As rodents scuttle through a maze, scientists can observe the activity of their brains’ “inner GPS,” neurons that manage spatial orientation and navigation. This positioning system was revealed through two different discoveries, decades apart. In 1971, neuroscientist John O’Keefe found place cells, neurons that are consistently activated when rats are in a specific location, while observing the animals as they ran around an enclosure. More than thirty years later, neuroscientists May-Britt and Edvard Moser used a similar method to identify grid cells, neurons that fire at regular intervals as animals move, enabling them to keep track of navigational cues.  

It was the early 2010s when neuroscientist Elizabeth Buffalo and her team at Emory University’s Yerkes National Primate Research Center in Atlanta started investigating what the brain’s GPS looks like in primates. While conducting memory tests by tracking the eye movements of primates viewing either familiar...

Jill Riemer

One of Buffalo’s graduate students, Nathaniel Killian, put this hypothesis to the test. Working with monkeys, he placed electrodes into the entorhinal cortex—the brain region where grid cells are found in rodents—and recoded brain activity while the animals viewed images on a screen. One day, Killian came into a lab meeting with an announcement: he had found grid cells in the primate brain. Although it took many more months to complete additional experiments to validate the results, Buffalo remembers thinking during that meeting, “Wow, we’re seeing something really new.” 

From the basement to the lab bench

Buffalo conducted her first scientific experiment as a teenager in Little Rock, Arkansas. Encouraged by her high school science teacher, she embarked on an ambitious science fair project, which involved investigating the behavioral effects of a chemical called para-chlorophenylalanine (PCPA) on rats. Inspired by a TV news segment noting that extreme risk takers had increased aggressiveness associated with higher-than-average levels of PCPA, Buffalo decided to put the behavioral effects of the chemical to the test. 

To carry out the experiment, Buffalo set up a makeshift lab in the basement of her house. Her science teacher helped her gather the necessary materials and expertise by connecting her with a professor at the nearby University of Arkansas Medical School. That professor provided guidance for her project and got her in touch with the Arkansas-based National Center for Toxicological Research, which donated rats for her experiment. Buffalo housed the rodents in cages with water bottles provided by the university. She injected the animals with different concentrations of PCPA, then examined changes in aggression levels by administering a small electric foot shock and documenting how much of a small wooden rod the animals would chew away in response. As she’d hypothesized, higher doses of PCPA made the rodents more aggressive. “It ended up being a pretty involved project,” Buffalo recalls. “At one point, we had 20 rats in the basement.” 

Notable positions & awards

  • Professor, Physiology and Biophysics, University of Washington
  • Chief, Division of Neuroscience, Washington National Primate Research Center (2015–present)
  • Associate Professor of Neurology, Emory University School of Medicine (2012–2013)
  • Assistant Professor of Neurology, Emory University School of Medicine (2005–2012) 
  • McKnight Endowment Fund for Neuroscience Memory and Cognitive Disorders Award, 2018
  • National Academy of Sciences Troland Research Award, 2011

The experience solidified Buffalo’s interest in science and jumpstarted a series of summer jobs doing research. Most of those were spent in a behavioral toxicology lab led by Merle Paule at the National Center for Toxicological Research. Buffalo spent several summers during high school and college in Paule’s lab, working on experiments involving monkeys—such as assessing the behavioral effects of caffeine and other drugs on the animals. She coauthored a handful of papers about their research. 

Although Buffalo maintained an interest in science, she majored in philosophy at Wellesley College, where she started her undergraduate studies in 1988. She traces this decision back to a book, Scientific Realism and the Plasticity of Mind, by Canadian philosopher Paul Churchland, which she’d read while doing research for her high school science fair project. “I probably didn’t understand half of it, but it just was super interesting,” Buffalo says.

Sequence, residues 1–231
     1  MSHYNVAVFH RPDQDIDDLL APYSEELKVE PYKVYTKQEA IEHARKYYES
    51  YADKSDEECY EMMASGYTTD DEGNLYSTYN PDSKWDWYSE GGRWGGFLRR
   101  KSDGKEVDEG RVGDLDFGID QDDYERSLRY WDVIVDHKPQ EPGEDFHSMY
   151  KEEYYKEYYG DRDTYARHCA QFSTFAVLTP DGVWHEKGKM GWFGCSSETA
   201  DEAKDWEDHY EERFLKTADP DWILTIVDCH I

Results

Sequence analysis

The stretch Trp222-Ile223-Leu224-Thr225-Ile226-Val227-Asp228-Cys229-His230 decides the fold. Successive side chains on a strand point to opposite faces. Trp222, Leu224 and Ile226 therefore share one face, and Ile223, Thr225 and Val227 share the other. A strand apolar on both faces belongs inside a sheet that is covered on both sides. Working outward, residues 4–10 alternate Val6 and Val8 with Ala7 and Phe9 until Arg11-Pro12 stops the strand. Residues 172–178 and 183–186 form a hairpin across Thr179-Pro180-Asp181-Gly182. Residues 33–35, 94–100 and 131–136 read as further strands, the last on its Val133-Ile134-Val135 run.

Greatest Hits

  • Found grid cells were active in the primate brain while a stationary animal is visually exploring a space
  • Identified differences in the synchronization of electrical signals across the layers of cortex within the neural circuit involved in processing attention
  • Revealed that visual memory and visual perception are processed in different regions of the brain

Although science wasn’t her major, the subject remained a dominant force in Buffalo’s life. Intrigued by the brain, she concentrated her studies on the philosophy of mind, choosing psychobiology, which dealt with the biological basis of psychological processes, as her minor. Buffalo’s first neuroscience professor, the late Howard Eichenbaum, sparked her interest in learning and memory. “He would get super excited and enthusiastic about what he was talking about,” Buffalo says. “I had these moments through almost every class where I thought, gosh, the most exciting thing I could ever try to figure out is exactly what happens in the brain when we learn something.” 

Philosophy meets neuroscience

After completing her undergraduate degree in 1992, Buffalo went to graduate school with the goal of becoming a philosophy professor. She enrolled in a doctoral program at the University of California, San Diego, to work with philosopher Patricia Churchland, wife of the very Paul Churchland who had authored the book that first piqued Buffalo’s interest in philosophy. “I was seeking out a philosopher who really cared about neuroscience,” Buffalo says. “She focused on philosophy of mind with the idea that, in order to really understand the mind, what we need to understand is the brain.”

Churchland led Buffalo on an interdisciplinary route, encouraging her to take classes with the neuroscience PhD students and to join a lab. Buffalo ended up in the joint lab of neuroscientists Larry Squire and Stuart Zola, two of Churchland’s colleagues who studied memory. “It became clear that [Buffalo] really loved this idea of neuroscience, and that she was bringing to neuroscience a kind of philosophical framework,” says Zola, who is now at the Yerkes National Primate Research Center. “She asked a lot of questions, making us think more about where we were headed and why, and how to interpret findings in ways that we might not have thought.” 

I had these moments through almost every class where I thought, gosh, the most exciting thing I could ever try to figure out is exactly what happens in the brain when we learn something.

—Elizabeth Buffalo, University of Washington